Stuart Franklin is an award-winning photographer and a former president of Magnum Photos. Below, he shares his views on the quality of the shots entered into this year’s contest and the state of photojournalism.
It’s impossible to pick an overall winning image
“If I look at the rump submission of 85,000 pictures, a few immediately floated to the top. When the entries got distilled down to the last few there was some fabulous work.”
Our industry needs investment
“I’ve learned quite a lot about the skeletal state of the industry, especially the photojournalism side. It suffers from bifurcation ‒ you’ve got a few peachy assignments done by a few celebrated photographers while the rest of the industry is poorly supported, particularly where detailed or longer-term reporting is concerned. I thought there was much more investment in the industry than there is.”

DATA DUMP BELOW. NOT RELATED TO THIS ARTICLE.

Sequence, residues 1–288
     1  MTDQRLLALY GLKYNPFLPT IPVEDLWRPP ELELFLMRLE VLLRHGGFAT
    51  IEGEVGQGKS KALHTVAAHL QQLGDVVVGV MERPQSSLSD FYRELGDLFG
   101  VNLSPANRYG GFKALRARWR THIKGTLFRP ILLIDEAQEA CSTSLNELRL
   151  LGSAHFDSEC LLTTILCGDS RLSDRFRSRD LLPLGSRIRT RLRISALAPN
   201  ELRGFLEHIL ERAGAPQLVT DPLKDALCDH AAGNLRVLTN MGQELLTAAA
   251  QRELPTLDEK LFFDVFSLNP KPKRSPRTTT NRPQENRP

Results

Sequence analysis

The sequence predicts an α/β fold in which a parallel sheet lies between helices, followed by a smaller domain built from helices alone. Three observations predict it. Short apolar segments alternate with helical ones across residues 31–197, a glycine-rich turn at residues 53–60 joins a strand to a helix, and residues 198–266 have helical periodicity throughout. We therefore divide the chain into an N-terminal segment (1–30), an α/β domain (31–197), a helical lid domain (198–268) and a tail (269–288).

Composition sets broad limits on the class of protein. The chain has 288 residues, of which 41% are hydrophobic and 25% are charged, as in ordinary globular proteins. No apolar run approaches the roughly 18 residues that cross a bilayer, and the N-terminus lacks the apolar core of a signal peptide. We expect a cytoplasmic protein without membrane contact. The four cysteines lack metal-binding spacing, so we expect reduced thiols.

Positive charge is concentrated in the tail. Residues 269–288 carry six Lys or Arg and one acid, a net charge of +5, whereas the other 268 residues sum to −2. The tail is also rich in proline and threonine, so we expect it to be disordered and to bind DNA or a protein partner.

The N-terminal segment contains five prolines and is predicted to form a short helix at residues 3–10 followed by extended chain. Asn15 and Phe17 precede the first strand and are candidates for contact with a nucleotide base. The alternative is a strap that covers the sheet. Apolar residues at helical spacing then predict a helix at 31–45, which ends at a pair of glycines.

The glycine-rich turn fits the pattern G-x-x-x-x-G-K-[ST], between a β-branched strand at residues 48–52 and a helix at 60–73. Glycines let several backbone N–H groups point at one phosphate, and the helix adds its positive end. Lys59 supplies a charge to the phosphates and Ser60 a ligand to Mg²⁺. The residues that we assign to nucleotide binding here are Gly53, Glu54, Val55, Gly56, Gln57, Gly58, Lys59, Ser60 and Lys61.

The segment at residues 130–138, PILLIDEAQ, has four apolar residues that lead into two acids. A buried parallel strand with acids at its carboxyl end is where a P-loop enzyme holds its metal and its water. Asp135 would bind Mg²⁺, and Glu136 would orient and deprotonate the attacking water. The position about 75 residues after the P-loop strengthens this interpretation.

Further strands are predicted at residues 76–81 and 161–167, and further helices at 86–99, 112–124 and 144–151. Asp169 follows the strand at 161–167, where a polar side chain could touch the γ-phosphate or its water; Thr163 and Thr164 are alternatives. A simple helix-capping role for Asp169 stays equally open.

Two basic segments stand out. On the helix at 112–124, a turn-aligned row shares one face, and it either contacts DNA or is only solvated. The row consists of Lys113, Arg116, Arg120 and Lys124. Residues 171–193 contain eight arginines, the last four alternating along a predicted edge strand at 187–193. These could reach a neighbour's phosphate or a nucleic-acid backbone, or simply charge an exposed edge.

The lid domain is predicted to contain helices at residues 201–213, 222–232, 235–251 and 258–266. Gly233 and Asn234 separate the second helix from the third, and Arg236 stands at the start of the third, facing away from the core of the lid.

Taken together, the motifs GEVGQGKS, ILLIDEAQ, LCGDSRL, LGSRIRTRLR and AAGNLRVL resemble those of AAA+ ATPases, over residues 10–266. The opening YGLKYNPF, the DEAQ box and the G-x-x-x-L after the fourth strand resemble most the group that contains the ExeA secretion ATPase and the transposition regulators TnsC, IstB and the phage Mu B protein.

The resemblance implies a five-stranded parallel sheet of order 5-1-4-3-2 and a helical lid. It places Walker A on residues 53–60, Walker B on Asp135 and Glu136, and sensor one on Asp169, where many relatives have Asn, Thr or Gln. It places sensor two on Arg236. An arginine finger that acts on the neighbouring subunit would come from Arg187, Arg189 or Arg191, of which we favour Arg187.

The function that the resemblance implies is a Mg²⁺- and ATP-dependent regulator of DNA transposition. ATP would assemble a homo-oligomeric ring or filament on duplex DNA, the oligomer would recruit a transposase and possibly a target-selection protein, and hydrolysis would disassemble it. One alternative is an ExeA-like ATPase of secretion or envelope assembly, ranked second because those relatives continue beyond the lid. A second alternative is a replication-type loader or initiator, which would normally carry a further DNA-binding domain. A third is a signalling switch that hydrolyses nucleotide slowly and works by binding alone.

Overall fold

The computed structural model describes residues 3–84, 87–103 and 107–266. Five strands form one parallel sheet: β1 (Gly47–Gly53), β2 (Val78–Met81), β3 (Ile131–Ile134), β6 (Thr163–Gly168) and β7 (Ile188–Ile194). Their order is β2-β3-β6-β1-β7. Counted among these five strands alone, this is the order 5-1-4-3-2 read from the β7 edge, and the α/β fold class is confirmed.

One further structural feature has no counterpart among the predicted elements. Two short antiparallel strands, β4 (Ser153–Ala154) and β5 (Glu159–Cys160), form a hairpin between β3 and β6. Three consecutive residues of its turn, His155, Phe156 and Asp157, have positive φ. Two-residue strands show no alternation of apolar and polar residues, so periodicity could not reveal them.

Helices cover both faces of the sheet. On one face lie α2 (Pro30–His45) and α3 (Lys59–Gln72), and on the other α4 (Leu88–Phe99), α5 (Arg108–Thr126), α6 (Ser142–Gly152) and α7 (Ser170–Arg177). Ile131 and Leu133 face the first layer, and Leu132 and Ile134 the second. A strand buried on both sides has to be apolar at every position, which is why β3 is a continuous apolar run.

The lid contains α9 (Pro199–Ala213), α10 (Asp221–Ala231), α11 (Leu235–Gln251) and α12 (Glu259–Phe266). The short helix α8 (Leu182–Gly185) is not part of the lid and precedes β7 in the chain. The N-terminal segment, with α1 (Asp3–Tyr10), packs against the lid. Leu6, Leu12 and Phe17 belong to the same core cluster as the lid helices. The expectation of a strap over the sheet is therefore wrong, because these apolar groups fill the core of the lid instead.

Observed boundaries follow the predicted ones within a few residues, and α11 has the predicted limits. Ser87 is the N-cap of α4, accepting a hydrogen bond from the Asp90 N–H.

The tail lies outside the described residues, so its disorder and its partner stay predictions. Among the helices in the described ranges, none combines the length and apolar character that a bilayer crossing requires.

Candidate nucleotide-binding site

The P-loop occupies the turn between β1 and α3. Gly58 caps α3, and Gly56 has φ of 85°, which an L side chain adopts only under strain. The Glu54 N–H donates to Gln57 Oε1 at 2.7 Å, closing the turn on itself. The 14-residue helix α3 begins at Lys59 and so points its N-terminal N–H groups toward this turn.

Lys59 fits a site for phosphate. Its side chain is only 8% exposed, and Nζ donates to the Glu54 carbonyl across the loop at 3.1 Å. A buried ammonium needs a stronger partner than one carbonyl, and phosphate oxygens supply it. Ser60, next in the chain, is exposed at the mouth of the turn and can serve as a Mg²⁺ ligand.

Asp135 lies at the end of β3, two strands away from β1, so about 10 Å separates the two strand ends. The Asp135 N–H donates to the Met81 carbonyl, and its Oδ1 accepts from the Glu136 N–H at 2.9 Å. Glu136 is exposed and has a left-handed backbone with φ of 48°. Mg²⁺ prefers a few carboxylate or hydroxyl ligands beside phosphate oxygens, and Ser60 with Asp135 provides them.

Photojournalists need to work harder to make us feel something
“One of the things that is generally lacking from the reporting of global events is personal depth. Look at all the work coming from Mosul, for instance. We don’t know who anybody is. And if we don’t understand who these people are, how can we be empathetic towards them?”
If you’re a young photographer, don’t follow the crowd...
“Photojournalism needs to go beyond the pure illustration of text. I recommend that young people don’t follow the crowd. As I mentioned above, they should tell stories from the front line that genuinely get beneath the skin of the people in their images, otherwise we will end up with a one-dimensional genre.”